• Back when I had time (before kids) I made a set of cloth menstrual pads and have never looked back. They don’t irritate my skin like disposables, never stick to my hair and I haven’t had a yeast infection in years. My favorite way to use them was with a Diva cup during heavy flow days. I used disposable pads postpartum and besides the extra expense had recurring yeast infections.

    For nursing pads I cut circles out of a piece of fleece and an old receiving blanket using a CD as a guide. I layered four flannel pieces and one fleece piece and zigzag stitched around the bunch (you can serge if you have a machine). These definitely show through shirts, but are super cheap and wonderful at night and when not leaving the house or wearing sweats. If you can’t take the time to make them, lots of people sell them on Etsy.

    I soak my pads in cold water overnight at the end of my period, then wash hot and dry in the dryer or wash with cloth diapers. Nursing pads go in with the kids’ clothes and a detergent with enzymes (Wisk), which gets out the milk stains and smell.

  • I use bamboobies and liked the fact that they were made from organic material (bamboo) and are reusable. However, once they’re wet, they’re wet. So if you have a milk let down and you start leaking, these babies are not wicking away moisture from your nipples like the disposable kind will. I like to use them now and then to give the ladies a break from the dispsoable pads. Definitely cannot make do with the regular (ultrathin) ones for overnight. Though I haven’t tried the overnight variety, I just use disposable. I love breastfeeding my LO and have for the last 9 months… I’m going to keep going, but I gotta say I’m looking forward to not having pads in my bra one of these days!

  • I love the bamboobies. I prefer the night time ones the best. I leak quite a bit at night and these have been soaked and not leaked through. They’re also super soft and comfortable. Disposables, any brand, irritate my skin. These are perfect.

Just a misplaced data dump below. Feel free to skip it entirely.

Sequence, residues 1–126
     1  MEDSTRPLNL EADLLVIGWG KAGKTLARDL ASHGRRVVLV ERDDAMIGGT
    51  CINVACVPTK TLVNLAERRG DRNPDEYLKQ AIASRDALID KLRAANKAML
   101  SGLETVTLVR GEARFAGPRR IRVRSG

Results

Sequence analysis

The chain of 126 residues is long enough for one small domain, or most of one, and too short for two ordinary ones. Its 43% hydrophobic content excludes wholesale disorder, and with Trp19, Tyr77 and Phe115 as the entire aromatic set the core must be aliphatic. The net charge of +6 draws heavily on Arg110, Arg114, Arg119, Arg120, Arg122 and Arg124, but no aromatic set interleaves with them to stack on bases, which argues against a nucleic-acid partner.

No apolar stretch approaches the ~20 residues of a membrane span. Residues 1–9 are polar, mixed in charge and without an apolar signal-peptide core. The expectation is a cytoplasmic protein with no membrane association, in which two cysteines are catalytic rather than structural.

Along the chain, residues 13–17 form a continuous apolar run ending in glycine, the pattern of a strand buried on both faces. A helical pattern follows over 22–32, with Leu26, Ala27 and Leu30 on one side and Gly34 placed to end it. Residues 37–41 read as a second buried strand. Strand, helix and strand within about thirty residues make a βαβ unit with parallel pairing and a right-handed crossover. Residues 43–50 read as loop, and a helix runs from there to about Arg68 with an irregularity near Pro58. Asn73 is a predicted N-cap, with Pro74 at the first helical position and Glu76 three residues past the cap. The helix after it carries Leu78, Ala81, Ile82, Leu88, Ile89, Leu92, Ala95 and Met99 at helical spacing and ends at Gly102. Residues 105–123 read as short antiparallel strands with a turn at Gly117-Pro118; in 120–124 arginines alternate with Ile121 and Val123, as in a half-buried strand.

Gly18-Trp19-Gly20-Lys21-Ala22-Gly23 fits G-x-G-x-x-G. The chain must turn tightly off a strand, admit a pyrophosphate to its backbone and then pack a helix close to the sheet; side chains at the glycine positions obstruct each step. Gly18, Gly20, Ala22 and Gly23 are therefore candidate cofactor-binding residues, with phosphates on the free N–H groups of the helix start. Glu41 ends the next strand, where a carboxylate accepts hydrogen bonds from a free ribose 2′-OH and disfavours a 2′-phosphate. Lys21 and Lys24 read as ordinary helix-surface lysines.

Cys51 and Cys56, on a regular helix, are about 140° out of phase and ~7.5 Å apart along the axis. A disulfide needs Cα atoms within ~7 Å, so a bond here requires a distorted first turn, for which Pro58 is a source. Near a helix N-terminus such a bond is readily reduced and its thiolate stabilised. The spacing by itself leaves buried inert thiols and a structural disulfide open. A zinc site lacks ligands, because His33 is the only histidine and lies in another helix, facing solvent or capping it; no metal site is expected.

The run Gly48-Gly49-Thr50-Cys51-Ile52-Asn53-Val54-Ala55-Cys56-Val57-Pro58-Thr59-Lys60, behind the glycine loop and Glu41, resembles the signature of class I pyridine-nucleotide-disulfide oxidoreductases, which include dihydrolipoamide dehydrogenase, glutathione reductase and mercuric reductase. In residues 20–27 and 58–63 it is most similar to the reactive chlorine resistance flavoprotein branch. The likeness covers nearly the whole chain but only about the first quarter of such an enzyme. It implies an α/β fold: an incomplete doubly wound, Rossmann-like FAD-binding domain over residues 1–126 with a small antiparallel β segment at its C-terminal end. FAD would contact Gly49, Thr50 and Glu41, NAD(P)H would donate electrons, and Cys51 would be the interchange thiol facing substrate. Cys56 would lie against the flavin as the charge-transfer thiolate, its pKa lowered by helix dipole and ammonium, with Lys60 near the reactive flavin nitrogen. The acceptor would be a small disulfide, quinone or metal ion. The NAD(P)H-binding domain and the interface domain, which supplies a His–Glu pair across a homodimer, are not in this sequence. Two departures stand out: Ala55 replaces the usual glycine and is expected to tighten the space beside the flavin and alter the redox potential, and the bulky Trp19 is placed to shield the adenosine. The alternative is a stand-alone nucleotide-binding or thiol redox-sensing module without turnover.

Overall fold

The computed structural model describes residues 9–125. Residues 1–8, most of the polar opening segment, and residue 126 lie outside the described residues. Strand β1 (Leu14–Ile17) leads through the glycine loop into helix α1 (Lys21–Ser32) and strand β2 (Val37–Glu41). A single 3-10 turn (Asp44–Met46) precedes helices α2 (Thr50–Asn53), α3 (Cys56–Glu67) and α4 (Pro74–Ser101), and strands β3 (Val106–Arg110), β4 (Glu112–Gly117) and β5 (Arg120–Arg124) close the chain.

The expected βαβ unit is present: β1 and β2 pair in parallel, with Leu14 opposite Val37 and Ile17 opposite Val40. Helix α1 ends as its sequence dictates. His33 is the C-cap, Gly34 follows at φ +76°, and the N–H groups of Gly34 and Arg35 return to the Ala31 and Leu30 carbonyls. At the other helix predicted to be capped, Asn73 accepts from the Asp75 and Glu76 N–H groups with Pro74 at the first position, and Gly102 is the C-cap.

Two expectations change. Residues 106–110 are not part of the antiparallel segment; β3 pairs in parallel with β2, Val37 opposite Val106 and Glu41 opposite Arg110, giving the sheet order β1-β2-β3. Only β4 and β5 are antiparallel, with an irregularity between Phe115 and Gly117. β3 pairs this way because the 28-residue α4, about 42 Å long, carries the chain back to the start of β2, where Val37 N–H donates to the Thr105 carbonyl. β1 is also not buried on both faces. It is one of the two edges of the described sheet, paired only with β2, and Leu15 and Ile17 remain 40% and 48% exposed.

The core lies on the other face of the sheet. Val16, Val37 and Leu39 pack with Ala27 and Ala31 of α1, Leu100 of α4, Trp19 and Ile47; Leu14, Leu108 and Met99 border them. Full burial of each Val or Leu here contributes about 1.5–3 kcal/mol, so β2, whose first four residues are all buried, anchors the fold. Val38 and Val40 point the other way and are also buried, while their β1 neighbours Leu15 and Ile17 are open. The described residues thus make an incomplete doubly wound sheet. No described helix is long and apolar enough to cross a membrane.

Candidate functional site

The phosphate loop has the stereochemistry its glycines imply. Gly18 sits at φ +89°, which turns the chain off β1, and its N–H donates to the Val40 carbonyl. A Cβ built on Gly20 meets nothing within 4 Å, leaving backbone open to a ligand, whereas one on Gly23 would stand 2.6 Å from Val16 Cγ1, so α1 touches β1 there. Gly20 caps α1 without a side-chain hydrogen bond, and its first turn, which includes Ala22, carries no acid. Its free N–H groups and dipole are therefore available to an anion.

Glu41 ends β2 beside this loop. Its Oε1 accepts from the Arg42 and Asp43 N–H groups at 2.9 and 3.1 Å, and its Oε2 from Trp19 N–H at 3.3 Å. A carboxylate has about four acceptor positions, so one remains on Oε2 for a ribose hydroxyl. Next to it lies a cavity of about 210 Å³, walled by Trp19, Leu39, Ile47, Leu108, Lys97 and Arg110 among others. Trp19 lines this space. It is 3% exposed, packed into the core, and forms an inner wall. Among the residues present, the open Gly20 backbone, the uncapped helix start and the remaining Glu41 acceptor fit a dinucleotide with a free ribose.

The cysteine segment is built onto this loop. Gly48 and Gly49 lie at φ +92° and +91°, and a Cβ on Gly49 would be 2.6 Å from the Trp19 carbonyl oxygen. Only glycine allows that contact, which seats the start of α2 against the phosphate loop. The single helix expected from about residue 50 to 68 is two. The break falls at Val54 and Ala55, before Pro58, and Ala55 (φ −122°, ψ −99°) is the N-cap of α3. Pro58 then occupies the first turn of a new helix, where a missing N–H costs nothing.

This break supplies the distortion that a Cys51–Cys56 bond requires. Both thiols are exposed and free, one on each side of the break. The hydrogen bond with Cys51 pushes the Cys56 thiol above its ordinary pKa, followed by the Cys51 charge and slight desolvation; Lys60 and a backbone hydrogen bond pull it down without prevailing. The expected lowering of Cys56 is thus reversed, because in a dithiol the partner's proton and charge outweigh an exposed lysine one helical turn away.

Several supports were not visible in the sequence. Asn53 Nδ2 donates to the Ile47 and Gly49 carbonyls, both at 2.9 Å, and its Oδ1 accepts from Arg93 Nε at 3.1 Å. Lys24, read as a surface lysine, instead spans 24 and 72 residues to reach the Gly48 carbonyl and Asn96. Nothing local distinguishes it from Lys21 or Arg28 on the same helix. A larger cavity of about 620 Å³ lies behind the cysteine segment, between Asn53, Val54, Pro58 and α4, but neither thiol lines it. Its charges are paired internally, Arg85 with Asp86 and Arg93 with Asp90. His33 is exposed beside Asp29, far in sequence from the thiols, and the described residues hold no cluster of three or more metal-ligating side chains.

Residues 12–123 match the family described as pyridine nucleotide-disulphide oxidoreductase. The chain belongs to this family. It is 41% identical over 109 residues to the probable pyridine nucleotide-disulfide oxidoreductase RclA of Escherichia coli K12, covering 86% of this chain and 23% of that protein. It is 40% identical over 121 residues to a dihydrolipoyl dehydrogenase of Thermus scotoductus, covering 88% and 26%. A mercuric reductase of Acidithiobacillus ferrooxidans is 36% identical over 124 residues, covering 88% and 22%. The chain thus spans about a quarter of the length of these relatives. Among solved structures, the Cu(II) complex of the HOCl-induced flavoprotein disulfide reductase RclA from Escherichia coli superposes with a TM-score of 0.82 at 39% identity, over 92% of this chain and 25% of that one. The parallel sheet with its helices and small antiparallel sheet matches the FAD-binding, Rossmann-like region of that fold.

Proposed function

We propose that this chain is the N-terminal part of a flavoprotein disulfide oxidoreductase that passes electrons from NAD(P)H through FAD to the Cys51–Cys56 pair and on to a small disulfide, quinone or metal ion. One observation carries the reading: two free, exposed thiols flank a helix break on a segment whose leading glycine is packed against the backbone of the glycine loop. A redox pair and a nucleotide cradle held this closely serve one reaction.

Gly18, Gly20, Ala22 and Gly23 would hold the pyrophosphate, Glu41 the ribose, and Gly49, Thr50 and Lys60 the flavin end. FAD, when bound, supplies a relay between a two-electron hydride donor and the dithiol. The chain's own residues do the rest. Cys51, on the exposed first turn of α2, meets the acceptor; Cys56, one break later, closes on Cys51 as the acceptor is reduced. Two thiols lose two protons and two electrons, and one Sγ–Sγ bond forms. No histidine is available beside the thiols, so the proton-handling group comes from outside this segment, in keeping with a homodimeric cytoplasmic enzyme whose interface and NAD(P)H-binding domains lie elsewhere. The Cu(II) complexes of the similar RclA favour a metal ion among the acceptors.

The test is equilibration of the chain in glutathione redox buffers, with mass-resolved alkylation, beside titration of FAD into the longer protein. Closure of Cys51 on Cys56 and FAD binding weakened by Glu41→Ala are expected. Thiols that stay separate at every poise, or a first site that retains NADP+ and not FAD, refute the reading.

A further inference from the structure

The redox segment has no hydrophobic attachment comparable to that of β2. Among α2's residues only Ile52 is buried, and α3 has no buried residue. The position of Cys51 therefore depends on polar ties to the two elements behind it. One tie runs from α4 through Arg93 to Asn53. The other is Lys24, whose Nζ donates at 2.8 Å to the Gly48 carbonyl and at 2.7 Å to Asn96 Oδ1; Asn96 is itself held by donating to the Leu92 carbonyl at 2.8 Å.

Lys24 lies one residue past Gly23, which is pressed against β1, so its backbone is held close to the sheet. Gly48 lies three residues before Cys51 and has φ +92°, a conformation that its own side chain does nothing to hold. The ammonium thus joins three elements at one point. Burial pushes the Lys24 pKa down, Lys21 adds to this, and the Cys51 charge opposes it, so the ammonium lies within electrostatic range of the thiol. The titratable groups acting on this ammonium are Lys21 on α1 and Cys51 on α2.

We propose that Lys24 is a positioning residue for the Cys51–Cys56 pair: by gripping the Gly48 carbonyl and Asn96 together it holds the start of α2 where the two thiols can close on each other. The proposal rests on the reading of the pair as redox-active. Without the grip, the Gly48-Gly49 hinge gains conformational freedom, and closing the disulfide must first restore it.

• I use cloth New Moon Pads ( every day: I bought the light absorbency ones years ago to use as pantiliners and they turn out to also be great for minor leaking from sneezing/coughing/laughing/ugh, everything.

  • I have used resusable menstual products for several years. Lunapad pantyliners have saved me so many times from soiling my clothes from 3rd trimester accidents. When I menstruate, I use the Lunette cup with the pantyliners for backup during the day and wear the larger Lunapads at night. I just made my padsicles for postpartum bleeding using huge overnight disposable pads and while I’m sure I will enjoy the relief of frozen aloe and witch hazel on my perineum, I can’t wait until the bleeding decreases and the pain lessens so I can go back to reusable.

  • Milk Diapers should be on this list for moderate to heavy nursing leakage. They’re extremely comfortable and absorbent (bamboobies are good for very low leakage). The company selects the fabric carefully for absorbency and also makes sure that the fabrics are dye- and chemical-free. They’re not as smooth as silicone would be, but they’re so comfortable for every day use.

  • I tried Thinx recently on a heavy day, with no tampon as backup, to see how good they really were. I had a MAJOR leakage issue after about 3 hours. I defintely love them though. I now use them on light days only. They’re super helpful for me because I constantly forget to bring tampons or pads with me when I’ll need them most.